Public Security Minister Gilad Erdan has called on Apple and Google to remove a new “free to play” game from their online stores, called “Liyla and the Shadows of War.”
The minister contends that the mobile app is being used to incite players to kill IDF soldiers, by having them take on the role of a girl in Gaza during the 2014 war between Israel and Hamas, ‘Operation Protective Edge.’
The Israel Defense Forces are seen as “the bad guy” in the game, and are portrayed as particularly cruel and filled with murderers.
Erdan has warned both Google and Apple that the game could endanger the lives of IDF soldiers became of the incitement it generates. But neither company has responded to his concern.
Gaza resident Rasheed Abueida, the creator of the game, says it’s based on “actual events” and calls it a “cry for help.”
The promotional kicker line on the game’s website says, “When you live in a war zone and death is hunting everyone, things will look different and choices become harder. Face your fate in an unjust war to survive with your family from the shadows of war.”
Reviewer Rami Ismail, co-founder of Vlambeer, is quoted on the site as saying, “Liyla is a brave personal game about the invasion of Gaza, both an exploration of what games can communicate and a plea for help from someone actually affected by the reality the game sketches.”
Abueida explains on the site that he made the game because he is a father of two children, and “I can’t imagine my life without them, but in Palestine nobody is safe.
“When the war started in Gaza and I saw the images of the killed kids in their parents hands I was shocked, I had a weird feeling, it’s a combination of sadness, fear, empathy and anger. All what I was thinking of is ‘What if this happened to me.’ I have chosen to share those feelings in a game to deliver a message of how we are living as Palestinians under this situation. It’s not just a Game, it’s a case and call for help.”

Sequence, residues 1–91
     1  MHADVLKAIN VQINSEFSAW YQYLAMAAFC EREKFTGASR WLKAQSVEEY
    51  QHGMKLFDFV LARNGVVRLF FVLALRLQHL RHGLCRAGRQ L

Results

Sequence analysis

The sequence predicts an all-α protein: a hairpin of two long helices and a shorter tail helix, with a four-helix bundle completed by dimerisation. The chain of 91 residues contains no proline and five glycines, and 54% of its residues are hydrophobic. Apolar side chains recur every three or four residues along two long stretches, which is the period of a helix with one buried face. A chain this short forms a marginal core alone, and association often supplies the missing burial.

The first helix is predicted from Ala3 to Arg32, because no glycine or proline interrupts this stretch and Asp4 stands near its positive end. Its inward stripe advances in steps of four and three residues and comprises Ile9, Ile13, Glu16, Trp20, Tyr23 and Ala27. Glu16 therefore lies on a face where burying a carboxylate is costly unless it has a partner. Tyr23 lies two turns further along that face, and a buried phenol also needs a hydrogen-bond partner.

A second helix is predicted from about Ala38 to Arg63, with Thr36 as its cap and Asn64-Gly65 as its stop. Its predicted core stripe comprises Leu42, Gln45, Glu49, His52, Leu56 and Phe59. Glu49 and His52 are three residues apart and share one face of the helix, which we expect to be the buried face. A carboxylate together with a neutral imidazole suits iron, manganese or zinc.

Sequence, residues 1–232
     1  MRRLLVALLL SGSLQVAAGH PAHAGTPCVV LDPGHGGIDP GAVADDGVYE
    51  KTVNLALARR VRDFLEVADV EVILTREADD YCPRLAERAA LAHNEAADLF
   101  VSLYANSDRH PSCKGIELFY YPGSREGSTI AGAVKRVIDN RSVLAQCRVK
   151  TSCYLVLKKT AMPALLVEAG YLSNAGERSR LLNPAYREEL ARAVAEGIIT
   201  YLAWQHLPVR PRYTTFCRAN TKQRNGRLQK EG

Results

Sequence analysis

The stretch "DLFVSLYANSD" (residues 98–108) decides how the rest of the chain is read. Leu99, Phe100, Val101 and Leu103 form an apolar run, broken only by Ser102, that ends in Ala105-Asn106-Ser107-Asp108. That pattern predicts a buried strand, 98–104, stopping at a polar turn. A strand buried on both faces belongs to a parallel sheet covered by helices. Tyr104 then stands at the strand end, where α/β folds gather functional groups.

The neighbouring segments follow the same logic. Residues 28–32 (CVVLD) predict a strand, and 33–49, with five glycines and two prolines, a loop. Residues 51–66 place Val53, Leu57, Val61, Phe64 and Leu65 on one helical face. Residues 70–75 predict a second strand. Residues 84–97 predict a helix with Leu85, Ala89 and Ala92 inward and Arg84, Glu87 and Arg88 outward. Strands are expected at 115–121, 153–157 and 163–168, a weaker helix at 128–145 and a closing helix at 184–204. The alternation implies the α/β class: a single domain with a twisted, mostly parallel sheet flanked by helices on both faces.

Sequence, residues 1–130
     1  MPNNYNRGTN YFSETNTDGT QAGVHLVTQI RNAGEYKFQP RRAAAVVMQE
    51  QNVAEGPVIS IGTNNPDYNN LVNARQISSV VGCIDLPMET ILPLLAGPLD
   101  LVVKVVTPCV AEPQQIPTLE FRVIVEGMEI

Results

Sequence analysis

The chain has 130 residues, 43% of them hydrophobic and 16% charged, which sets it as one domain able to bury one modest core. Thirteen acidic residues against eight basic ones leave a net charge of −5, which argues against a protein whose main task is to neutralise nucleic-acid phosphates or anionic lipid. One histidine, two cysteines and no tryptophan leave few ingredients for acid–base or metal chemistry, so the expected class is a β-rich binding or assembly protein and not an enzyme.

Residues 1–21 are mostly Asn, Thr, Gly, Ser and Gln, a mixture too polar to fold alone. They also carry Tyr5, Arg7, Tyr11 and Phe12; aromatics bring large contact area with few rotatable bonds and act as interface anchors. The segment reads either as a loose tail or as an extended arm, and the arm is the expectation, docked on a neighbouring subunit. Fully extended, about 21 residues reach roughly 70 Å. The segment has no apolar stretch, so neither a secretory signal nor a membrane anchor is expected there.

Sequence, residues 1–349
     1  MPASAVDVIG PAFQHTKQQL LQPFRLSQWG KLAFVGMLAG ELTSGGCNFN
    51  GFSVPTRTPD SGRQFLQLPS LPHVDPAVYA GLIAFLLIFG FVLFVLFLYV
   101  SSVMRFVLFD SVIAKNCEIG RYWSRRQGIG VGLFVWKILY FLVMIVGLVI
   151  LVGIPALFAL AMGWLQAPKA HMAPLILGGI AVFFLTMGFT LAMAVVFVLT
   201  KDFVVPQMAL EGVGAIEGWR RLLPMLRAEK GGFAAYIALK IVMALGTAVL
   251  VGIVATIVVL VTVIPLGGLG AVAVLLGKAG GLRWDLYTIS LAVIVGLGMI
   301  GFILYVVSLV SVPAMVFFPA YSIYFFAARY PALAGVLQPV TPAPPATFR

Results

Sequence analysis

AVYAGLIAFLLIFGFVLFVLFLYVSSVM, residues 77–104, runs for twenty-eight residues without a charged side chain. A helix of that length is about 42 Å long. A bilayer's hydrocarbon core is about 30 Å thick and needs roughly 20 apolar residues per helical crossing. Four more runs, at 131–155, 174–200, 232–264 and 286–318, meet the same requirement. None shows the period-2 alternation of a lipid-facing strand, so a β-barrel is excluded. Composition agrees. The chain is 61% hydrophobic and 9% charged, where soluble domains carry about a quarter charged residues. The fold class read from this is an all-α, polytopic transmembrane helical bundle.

The game won the Reboot Develop Indie Award in the category of “Visual Excellence,” according to the website.
Under “Resources” the site lists the Human Rights Watch “World Report 2015: Israel/Palestine Events of 2014” and the “Gaza Emergency Situation Report” released by the United Nations Office for the Coordination of Humanitarian Affairs (UNOCHA).
Neither was an example of professional objectivity.
Also listed is a link to ABC News, which leads to an article by Middle East correspondent Matt Brown, beginning with the sentence, “An Israeli military spokesman says the Israeli Defence Force (IDF) should have been able to tell that four boys it killed on a Gaza beach last week were not Hamas operatives.”
There are also two videos on the page, one from Qatar-based Aljazeera, “Israeli strike kills children on Gaza beach,” and the other, a 67-second report from a Palestinian Authority-generated news source, TOMO, “Israel-Gaza conflict: another UN school hit by Israel, at least 16 dead.”
“Facts” are graphic images of the war that are part of the game. The game uses sounds from freesounds.org, and the melodic music, “Cold” by Jorge Mendez.
The skewed way in which so many residents of Gaza and the rest of the Palestinian Authority view the events of the summer of 2014 is displayed in all its tragedy and misery in this game.
The biggest tragedy of all is the destruction caused by the vicious Hamas leaders of Gaza who used them all as human shields, who forced them into bloodshed and war, and who then prevented them from fleeing to safety even when Israel did its best to allow them safe passage out of the combat zones.
It is Hamas who has misdirected and outright stolen their supplies to create more instruments of war, rather than the homes and hospitals and neighborhoods for which they were intended. And it is Hamas who has held them hostage and prevented them from doing anything else with their lives, other than working as slaves for the cause of hatred and death, from the very youngest ages to the grave, sometimes in a collapsed tunnel, and sometimes in a teenage attempt to murder a Jew.
“Sadness, fear, empathy and anger?”
Understandable, and matched by the endless frustration of those on the other side of the security barrier who have done everything possible to create the reality of a reasonable co-existence with their Arab neighbors.
Hana Levi Julian